On Abortion and Real Love

I have the privilege of being able to counsel a lot of women who are seeking abortions. I can tell you that the majority of them are seeking to end their pregnancies not because they feel like it would be a fun thing to do, but because they are scared out of their minds and feel that they have no other option.

Many of them are in situations that are incredibly difficult, and will become more so with a child involved. I’ve seen drug addicts, women with abusive boyfriends and husbands, girls whose parents will kick them to the curb if they knew they were pregnant, women who are completely alone and have no support system for raising a healthy child. In those cases, I have no idea what to tell them.

Yes, there may be a lot of resources for them out there, but many of them really won’t help. They need something I cannot give them a brochure or a number for. In those cases, the only argument against ending their pregnancy is that it is murder. It is ending a baby’s life. It is selfish. It is not love.

To someone who doesn’t know who Jesus is, the anti-abortion argument will not make sense. They may very well go to church twice a week and read their Bible every day and know plenty about Jesus.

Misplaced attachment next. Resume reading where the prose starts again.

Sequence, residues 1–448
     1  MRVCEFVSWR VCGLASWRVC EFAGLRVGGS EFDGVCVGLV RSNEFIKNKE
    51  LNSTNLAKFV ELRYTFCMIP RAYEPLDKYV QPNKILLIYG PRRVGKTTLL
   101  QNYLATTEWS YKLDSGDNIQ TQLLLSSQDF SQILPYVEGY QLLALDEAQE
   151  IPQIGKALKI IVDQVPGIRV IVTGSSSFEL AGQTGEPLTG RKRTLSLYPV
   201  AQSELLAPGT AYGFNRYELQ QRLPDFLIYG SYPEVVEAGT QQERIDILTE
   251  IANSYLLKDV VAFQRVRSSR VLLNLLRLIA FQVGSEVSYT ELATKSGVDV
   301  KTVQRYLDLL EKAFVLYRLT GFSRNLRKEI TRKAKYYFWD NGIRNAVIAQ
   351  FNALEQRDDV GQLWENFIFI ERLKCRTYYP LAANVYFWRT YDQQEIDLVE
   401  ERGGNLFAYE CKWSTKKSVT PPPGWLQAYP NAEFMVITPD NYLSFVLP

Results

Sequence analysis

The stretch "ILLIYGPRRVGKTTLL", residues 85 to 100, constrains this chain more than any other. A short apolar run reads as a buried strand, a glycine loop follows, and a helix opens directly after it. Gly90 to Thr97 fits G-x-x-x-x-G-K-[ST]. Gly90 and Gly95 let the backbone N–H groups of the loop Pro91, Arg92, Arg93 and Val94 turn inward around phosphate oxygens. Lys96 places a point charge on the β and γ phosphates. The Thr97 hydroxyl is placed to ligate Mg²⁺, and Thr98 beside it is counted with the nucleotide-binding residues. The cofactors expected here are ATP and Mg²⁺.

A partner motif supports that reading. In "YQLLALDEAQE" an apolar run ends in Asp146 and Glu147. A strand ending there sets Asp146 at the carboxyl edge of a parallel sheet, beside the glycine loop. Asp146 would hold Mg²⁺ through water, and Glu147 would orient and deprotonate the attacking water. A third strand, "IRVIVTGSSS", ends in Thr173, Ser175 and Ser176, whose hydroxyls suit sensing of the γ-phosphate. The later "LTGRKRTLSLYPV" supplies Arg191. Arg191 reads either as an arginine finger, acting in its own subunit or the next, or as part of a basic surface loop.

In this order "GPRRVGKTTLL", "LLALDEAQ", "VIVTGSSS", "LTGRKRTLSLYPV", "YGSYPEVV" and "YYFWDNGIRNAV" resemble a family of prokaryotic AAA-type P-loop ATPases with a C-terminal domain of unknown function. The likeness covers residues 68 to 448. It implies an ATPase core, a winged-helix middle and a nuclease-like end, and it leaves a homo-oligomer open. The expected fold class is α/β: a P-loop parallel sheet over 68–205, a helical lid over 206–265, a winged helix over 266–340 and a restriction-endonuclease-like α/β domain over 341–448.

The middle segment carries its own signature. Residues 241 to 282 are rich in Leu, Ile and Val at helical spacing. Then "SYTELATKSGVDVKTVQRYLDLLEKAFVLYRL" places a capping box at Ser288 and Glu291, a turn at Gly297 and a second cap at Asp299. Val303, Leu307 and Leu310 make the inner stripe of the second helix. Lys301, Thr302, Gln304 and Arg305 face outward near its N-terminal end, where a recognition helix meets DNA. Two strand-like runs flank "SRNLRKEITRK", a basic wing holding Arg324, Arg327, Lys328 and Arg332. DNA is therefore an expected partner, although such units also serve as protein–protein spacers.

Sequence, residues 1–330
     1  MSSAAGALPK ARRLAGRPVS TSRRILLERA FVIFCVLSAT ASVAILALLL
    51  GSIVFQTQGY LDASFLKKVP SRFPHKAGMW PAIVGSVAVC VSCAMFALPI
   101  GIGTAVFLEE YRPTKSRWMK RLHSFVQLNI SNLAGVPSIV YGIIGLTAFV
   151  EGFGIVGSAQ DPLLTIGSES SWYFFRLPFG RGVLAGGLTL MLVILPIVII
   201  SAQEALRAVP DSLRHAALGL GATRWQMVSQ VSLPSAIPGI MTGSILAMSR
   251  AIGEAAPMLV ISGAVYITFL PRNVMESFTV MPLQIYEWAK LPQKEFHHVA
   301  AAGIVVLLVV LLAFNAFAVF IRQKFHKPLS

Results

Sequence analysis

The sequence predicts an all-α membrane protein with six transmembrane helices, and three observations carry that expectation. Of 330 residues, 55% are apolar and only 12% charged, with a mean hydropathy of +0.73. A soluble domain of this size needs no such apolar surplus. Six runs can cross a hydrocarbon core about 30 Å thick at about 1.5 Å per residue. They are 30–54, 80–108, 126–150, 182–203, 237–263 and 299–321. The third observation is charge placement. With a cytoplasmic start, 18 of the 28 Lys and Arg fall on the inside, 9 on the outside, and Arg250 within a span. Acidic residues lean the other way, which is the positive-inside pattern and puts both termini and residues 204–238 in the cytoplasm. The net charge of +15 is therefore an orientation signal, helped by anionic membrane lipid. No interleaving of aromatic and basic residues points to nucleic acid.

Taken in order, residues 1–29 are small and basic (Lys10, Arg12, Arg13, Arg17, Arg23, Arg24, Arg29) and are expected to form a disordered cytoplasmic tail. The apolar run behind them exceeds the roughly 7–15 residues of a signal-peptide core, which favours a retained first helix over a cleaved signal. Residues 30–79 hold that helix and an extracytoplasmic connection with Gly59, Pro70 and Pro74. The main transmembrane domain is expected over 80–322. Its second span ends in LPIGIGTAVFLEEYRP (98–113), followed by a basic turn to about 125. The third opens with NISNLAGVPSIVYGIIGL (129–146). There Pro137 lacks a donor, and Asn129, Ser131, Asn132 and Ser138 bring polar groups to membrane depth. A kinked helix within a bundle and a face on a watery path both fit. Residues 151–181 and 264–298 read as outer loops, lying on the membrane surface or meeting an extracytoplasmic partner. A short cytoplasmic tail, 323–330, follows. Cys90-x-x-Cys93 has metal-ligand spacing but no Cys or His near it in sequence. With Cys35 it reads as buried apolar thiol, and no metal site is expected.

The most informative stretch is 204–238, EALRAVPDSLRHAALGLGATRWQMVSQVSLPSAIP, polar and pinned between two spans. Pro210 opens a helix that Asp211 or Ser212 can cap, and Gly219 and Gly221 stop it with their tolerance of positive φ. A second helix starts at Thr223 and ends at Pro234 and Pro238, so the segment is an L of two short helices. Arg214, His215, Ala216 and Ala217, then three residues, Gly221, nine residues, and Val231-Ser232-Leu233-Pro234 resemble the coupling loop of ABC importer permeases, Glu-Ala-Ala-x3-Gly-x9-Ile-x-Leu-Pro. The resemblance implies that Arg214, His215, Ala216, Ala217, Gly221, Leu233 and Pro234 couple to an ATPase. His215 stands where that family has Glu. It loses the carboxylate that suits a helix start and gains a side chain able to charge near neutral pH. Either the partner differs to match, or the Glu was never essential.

But that doesn’t mean they know who He is. To know who Jesus is, is to know that He died for you. To know that He laid down His very life for you. To know that He set aside all that He loved and went willingly forward to His own death.

Carrying a baby, birthing a baby, and raising a baby all involve complete forgetfulness of self. It involves losing your own body to another, giving up vanity and peace of mind. In a culture unfamiliar with what real love looks like —the act of putting aside your own wants and needs for another— having a baby you did not plan makes no sense.

I have found in my experience with women who are seeking abortions that they almost always know it’s the wrong thing to do. I think you will meet very few pregnant woman who have seen that tiny heart beating on an ultrasound screen and still say that it’s perfectly okay to end that child’s life. That’s just not their concern in the moment.

More often than not, they feel that they have no other option. They feel that they will lose their own life. To someone who doesn’t know Jesus well, the thought of laying down their own life for another sounds counterproductive and horrifying.

It’s laid out for us perfectly in Scripture what love really is. 1st Corinthians 13 says that love is patient, kind, doesn’t envy, does not seek its own, does not rejoice in iniquity, etc. Most of us know that passage well —it’s read at weddings and people like to put it in their Instagram captions.

But that doesn’t tell us the full story. We know John 3:16, which tells us that “God so loved the world that He gave His only begotten Son.” We put that one on phone cases and bumper stickers, but I’m not sure people realize how dark that passage really is.